September 24, 2008
Foot patrols cut down on crime in South End
City police have found success with a program funded by state grants since 2005
Joe McIntyre/staff photographer
City police officer Joe Peters talks with Deb Williams of Stewart Place in Cortland while on foot patrol Saturday. Police have patrolled the city’s South End three times a week since 2005.
Even on a quiet night, officer Joseph Peters still finds plenty to do on foot patrol with the city police.
Peters, 26, has been a city police officer since 2005 and grew up in Cortland. Making his rounds on south Main Street and the surrounding neighborhood, he greeted everyone he saw on his route.
As he walked the beat on a recent Saturday night, Peters was careful to show people that a police presence does not always mean trouble.
For city police, having an officer in the neighborhood has meant just the opposite — South End crime has declined.
“We’re just out here to help,” Peters said. “You try and build a rapport with people and make good impressions.”
An officer patrols the South End of the city in four-hour blocks, rotating three days a week, said city police Lt. Jon Gesin.
The patrol began in 2005 and is funded through state grants that specialize in crime prevention programs.
This year from May through September, police have made 33 arrests in the South End, compared to 79 made in 2005 for those months.
Three arrests were made last month on the detail, all violations for disorderly conduct and resisting arrest.
Gesin said the majority of calls before the program began were for quality of life issues, such as disorderly conduct, drinking in public, loud noise and littering.
With the municipal improvements along south Main Street sidewalks, a project to rehabilitate several South End apartments and the police presence there, Gesin said those types of calls have decreased.
“This has proven to work,” he said. “Our calls for service have gone down a lot because of it.”
Gesin said all dispatch calls to the South End in 2005, from May to September, totaled 212. For those months this year, there were 194 calls.
He added the street detail was a factor, but the figures account for all police activity in the area.
Gesin said 11 felony drug arrests were made in 2005 after foot patrol was implemented, largely because of residential input.
Peters said responding to incidents is not just about making an arrest — it’s finding the best solution possible.
“We have a wide range of opportunities for responding to something,” he said. “We could make an arrest, or not, as long as it gets the point across.”
“We’re cops, friends, counselors, whatever we need to be,” Peters added.
Cecile Scott, assistant director of the Cortland Youth Bureau, said the patrol initiative began with the development of the East End Community Center.
“The intent was to have a police outreach location at the community center,” she said. “But residents of the South End voiced their safety concerns to city officials. We quickly realized it was best to put an officer on the streets.”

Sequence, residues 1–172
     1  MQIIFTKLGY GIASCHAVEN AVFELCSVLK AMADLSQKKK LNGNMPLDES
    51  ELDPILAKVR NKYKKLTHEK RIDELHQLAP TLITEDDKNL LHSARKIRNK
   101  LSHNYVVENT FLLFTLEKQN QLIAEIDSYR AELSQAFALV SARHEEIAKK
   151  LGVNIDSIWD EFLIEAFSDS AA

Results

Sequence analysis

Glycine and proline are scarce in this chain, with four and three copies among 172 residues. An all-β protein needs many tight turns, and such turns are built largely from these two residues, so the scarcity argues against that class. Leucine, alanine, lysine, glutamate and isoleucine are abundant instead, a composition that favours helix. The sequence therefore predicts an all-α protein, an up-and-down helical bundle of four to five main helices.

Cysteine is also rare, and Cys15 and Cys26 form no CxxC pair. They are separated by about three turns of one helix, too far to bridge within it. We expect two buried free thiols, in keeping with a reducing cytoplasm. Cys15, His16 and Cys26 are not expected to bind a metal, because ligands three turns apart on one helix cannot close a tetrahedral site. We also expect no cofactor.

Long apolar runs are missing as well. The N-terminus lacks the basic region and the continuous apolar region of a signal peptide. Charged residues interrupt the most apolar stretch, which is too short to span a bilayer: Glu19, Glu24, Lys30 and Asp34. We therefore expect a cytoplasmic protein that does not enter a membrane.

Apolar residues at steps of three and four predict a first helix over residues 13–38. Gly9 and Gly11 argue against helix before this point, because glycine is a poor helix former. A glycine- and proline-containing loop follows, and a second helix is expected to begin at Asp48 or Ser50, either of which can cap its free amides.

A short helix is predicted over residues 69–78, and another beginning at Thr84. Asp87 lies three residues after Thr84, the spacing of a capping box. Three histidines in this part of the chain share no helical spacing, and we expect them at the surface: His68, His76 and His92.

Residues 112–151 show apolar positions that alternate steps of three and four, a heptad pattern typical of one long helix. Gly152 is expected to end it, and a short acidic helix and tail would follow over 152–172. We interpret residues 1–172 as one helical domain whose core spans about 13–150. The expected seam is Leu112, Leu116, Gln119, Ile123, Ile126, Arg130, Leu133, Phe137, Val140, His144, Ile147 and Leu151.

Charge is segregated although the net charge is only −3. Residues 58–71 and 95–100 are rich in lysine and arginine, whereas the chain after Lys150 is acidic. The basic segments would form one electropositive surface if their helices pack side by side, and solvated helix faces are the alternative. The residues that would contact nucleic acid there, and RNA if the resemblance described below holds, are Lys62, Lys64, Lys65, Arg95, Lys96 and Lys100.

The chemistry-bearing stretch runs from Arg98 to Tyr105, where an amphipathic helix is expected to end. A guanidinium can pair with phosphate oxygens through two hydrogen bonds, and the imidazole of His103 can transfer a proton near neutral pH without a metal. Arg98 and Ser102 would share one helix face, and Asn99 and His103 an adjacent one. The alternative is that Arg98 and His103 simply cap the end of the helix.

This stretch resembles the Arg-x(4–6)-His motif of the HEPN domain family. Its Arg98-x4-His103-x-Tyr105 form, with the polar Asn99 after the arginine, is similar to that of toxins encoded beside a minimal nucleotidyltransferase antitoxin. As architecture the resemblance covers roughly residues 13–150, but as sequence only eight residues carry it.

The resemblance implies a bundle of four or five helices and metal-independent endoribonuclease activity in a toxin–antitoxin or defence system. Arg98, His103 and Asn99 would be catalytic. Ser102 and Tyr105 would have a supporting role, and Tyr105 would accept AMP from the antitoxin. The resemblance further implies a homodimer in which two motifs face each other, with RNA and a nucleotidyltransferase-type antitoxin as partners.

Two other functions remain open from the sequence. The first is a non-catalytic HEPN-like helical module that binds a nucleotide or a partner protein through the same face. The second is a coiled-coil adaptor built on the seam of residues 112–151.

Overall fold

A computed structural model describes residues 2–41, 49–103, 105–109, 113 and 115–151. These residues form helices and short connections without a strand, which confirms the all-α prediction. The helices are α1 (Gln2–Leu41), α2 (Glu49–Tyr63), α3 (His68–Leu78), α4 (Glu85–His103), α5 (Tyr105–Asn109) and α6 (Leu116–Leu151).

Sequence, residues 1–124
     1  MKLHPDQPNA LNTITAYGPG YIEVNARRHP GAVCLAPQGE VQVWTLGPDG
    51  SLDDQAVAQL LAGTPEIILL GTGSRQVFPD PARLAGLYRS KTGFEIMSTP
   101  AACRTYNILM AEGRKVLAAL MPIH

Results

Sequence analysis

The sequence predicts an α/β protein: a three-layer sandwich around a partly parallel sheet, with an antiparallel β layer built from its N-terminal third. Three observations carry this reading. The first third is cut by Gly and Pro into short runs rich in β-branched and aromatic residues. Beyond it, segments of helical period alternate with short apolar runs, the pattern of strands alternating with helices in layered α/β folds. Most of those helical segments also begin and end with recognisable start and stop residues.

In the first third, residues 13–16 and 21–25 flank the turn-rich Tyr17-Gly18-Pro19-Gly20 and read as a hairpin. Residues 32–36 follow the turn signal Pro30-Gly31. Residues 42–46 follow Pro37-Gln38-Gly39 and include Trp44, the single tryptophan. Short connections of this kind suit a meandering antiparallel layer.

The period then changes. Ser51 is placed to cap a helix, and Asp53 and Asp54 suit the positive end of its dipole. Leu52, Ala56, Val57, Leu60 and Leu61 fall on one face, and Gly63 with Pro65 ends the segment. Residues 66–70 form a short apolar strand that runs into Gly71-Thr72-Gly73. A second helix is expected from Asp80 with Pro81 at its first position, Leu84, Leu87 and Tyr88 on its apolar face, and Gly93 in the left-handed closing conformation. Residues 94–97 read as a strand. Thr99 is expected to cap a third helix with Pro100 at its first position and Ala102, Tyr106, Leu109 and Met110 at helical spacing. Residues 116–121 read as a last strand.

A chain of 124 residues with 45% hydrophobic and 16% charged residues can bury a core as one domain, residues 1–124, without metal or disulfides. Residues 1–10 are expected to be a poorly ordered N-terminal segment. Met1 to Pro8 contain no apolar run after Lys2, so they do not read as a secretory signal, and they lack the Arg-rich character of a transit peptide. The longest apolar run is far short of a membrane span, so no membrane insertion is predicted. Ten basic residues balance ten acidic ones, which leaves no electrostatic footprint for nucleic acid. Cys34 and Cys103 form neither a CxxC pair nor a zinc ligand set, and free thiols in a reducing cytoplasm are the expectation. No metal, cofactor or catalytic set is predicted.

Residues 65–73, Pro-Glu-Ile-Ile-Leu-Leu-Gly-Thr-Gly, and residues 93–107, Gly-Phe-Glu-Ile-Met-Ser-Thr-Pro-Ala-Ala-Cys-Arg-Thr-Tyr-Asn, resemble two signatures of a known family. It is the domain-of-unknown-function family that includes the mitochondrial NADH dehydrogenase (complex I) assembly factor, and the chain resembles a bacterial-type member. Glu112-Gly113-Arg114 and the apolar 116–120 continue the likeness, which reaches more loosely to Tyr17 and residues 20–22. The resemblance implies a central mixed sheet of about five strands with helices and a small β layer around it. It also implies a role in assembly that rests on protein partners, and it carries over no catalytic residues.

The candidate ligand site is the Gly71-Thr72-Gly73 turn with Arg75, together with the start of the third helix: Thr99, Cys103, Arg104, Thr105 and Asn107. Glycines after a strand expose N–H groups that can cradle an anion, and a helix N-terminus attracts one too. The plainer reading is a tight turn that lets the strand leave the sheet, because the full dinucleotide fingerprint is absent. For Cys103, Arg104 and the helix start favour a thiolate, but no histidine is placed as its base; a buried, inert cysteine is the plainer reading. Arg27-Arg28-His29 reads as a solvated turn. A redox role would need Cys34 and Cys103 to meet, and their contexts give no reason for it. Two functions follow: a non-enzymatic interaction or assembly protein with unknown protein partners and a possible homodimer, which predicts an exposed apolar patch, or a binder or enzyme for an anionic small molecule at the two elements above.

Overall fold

The Youth Bureau submitted applications for two state grants to help not just the community center, but to help fund the police presence on the street.
Downtown foot patrols and those on the college hill are city funded, Gesin said.
Each year, the grants provide about $25,000 to fund the community center, $5,000 to $9,000 of which is used for the police to send an officer on the street.
Gesin said with the progress that has been made so far, the main goal is to make sure the patrol is maintained. The grant money must be applied for each year.
Peters said he likes the fact that he can help people, even for small problems such as a locked car door.
Over the course of an evening’s patrol, a noise heard down a dark alley turned out to be a local resident patching her broken window with a board. A kitten that escaped through a window and was stuck on a roof was spotted and retrieved by her owners.
“Walking the beat offers a chance to see and hear things officers in patrol cars might not notice,” Peters said.
Enforcement is a major factor in patrolling on foot.
“There is a no-tolerance policy with this detail,” Peters said. “It differs from riding in a patrol car since you’re able to notice more of what is going on around you.”
No tolerance means stopping the little problems before they get any bigger, he said.
With as many as four patrol cars on the road, handling smaller incidents on foot patrol could allow cars to go places where they are in greater need, he said.
Since a nuisance party ordinance is in effect, this also means stopping off-campus college residence parties from getting out of hand.
By 8 p.m. on a Saturday night, Peters and Officer Sean Byrnes had issued two tickets for loud music at two house parties. Byrnes, in a patrol car, was nearby and was called to assist.
“This detail is great because it makes it easier to see how the neighborhoods are affected by everything,” Byrnes said.
Byrnes has been with the city police for about four years.
Whatever problems were in the South End, residents believe the police presence has made a difference.
“They have a great response time,” said Mary Ryan of south Main Street. “I feel really good to have them down here.”
Ryan and her husband, Steven, have lived in Cortland for 23 years.
Others find having officers patrolling streets on foot is a welcome addition to the neighborhood revitalization effort.
Cheryl Hepworth moved to her residence at 15 Argyle Place last week, and said she is impressed with the remodeling of the houses and sidewalks.
A Syracuse company completed an $8.2 million housing project in the South End this month that added 30 low-income apartments.
“It’s been very quiet since I moved in. I really like it here,” she said.
Gesin attributed any success to the participation of local residents and the city cleanup efforts being made in the neighborhood.
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